Federal 7th Circuit (Schlosser v. Fairbanks Capital Corp., 323 F.3d 534 (7th Cir. 2003).)

Federal 8th Circuit (Resolution Trust Corp. v. Eason, 17 F.3d 1126, 1132 (8th Cir.1994))

Federal 9th Circuit (United States v. Childs, 5 F.3d 1328, 1333 (9th Cir.1993))

Federal 10th Circuit (United States v. Carranco, 551 F.2d 1197, 1200 (10th Cir.1977))

Federal 11th Circuit (United States v. Parker, 749 F.2d 628, 633 (11th Cir. 1984))

 

But these are the most compelling (and most cited) cases for any court in the land (other than SCOTUS) faced with the "adoptive business records" question:

Air Land Forwarders, Inc. v. US, 172 F.3d 1338 (Fed. Cir. 1999).

US v. Adefehinti, 510 F.3d 319 (D.C. Cir. 2007)

 

 

 

Edit: I hadn't thought if this before, but instead of individual states adopting this doctrine one at a time by the end of the decade, I now believe it will be a question posed to SCOTUS that will settle the question for everyone.

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I'll answer your question,

Thank you for your answer. It is a good answer. I hope that it was obvious that I asked the question in the spirit of genuinely wanting to understand how dominant ABR doctrine is at present, and what pushback there is, at present. I had turned up some of the information in your answer, but not all or most.

 

but let me ask this.  What state other than 1/2 of Ohio has rejected the doctrine?

That was a question that I had also asked (and tried to answer; "The only state that I've turned up in my research that has much split is Ohio") in my last post. I suppose that Ohio is the extent of any pushback towards ABR doctrine.

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The problem is that it's still very, very difficult to prevail with "bad facts" - especially when the burden of proof is "preponderance of evidence." I see relatively few people on forums such as this taking a minute to think: "What if the account is mine, the amount is accurate, the account was legally sold by the original creditor and the legal owner of that debt is now suing to collect?" These are the facts in an overwhelming majority of cases. I'm guessing that many people still try to defend these cases from a position of ignorance - willful, or otherwise.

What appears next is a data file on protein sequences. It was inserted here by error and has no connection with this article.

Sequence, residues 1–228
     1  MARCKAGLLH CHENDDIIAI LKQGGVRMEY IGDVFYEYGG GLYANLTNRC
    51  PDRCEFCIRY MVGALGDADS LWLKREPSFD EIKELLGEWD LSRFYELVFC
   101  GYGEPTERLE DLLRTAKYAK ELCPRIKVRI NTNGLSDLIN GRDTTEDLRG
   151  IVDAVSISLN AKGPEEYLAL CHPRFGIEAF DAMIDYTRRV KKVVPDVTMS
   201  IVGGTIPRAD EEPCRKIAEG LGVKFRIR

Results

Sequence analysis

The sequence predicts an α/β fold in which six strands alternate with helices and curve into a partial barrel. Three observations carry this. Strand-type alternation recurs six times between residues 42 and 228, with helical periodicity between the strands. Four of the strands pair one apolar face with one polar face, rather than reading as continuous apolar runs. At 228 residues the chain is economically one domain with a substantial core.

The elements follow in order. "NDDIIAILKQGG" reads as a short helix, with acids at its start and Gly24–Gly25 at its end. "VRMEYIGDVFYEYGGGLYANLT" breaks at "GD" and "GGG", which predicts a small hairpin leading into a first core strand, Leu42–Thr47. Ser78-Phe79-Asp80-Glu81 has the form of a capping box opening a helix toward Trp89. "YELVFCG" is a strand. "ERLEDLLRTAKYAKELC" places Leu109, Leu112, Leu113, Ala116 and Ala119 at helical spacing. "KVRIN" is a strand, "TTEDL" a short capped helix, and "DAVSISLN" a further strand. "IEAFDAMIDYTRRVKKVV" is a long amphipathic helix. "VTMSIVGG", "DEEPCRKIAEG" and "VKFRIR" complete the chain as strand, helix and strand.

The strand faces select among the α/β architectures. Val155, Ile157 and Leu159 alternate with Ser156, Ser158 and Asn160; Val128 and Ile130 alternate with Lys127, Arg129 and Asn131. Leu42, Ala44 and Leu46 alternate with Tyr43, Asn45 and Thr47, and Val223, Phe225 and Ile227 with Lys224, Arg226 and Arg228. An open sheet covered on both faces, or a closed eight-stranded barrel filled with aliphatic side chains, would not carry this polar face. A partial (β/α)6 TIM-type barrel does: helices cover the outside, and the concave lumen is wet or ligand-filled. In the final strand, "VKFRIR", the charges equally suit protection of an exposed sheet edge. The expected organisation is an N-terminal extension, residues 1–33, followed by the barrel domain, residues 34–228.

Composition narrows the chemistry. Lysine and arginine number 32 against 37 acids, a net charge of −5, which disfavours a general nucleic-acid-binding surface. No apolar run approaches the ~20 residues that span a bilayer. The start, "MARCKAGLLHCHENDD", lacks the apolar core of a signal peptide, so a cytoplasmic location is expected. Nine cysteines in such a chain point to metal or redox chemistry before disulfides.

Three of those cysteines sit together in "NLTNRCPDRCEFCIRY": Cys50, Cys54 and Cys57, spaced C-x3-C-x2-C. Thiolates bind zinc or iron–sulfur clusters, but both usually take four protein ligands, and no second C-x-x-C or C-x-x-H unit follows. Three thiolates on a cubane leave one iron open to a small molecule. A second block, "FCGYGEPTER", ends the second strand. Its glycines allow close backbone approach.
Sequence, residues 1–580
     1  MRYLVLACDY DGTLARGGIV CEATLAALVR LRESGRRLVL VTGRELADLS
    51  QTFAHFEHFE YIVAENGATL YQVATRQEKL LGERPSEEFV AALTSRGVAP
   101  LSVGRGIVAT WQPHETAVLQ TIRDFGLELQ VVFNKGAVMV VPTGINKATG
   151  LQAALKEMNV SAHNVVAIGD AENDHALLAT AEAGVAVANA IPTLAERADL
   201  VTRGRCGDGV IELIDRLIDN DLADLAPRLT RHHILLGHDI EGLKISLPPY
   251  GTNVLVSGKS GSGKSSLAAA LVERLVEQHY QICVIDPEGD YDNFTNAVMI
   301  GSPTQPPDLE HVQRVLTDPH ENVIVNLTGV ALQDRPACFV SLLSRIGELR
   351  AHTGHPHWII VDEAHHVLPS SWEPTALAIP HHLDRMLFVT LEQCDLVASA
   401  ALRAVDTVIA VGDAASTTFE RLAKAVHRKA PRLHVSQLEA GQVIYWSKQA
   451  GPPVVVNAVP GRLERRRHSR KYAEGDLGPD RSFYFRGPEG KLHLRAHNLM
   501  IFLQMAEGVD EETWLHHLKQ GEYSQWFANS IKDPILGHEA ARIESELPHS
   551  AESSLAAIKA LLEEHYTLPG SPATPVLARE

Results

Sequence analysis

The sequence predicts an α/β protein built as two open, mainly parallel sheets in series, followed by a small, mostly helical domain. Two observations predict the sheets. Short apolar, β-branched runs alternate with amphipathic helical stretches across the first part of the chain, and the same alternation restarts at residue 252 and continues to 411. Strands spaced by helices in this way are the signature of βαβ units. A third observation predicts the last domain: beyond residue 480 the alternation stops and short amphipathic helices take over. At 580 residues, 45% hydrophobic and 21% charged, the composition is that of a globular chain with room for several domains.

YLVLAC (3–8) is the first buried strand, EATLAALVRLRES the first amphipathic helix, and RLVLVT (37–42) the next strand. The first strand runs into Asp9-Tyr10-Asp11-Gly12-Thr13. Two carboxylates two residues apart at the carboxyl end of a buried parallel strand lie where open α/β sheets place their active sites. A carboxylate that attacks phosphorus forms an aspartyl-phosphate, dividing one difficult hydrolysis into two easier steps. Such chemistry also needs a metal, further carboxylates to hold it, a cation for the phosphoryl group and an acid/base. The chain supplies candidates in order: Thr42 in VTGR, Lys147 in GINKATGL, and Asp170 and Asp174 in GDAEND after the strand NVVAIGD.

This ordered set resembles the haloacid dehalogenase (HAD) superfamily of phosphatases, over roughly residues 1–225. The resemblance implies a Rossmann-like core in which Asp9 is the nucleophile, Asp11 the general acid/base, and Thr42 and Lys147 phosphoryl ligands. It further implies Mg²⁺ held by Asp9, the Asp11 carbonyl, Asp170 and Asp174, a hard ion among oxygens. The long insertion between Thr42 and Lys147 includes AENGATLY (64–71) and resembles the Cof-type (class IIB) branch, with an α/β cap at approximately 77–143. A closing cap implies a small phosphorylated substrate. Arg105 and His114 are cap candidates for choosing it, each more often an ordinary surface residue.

Combine that reality with a sober assessment of how your particular court rules on these matters and then decide how much return on investment will come from going through bills-of-sale with a fine-toothed comb.

 

Goody, are you angling for a job with a debt buyer?  I don't necessarily disagree with anything you've stated above, but in an adversarial legal system, pushback is what keeps the system fair - not only for the overwhelming majority, but also for the minority or odd individual.  But it can't just be the minority or odd individual that does the pushback, or it won't work (in keeping the system fair).

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@Robespierre

 

I think Goody is just stating facts that those defendants who don't have a defense of identity theft, the SOL, etc. need to consider especially if wages can be garnished.

 

Yes, pushback keeps the system fair, but only if the pushback raises issues that a court consider to be valid.   We have to remember that what we consider to be a valid issue may not be considered to be so by a court.   That's the importance of reading court rulings.  We learn how certain courts handle certain issues and what mistakes, if any, were made by a defendant.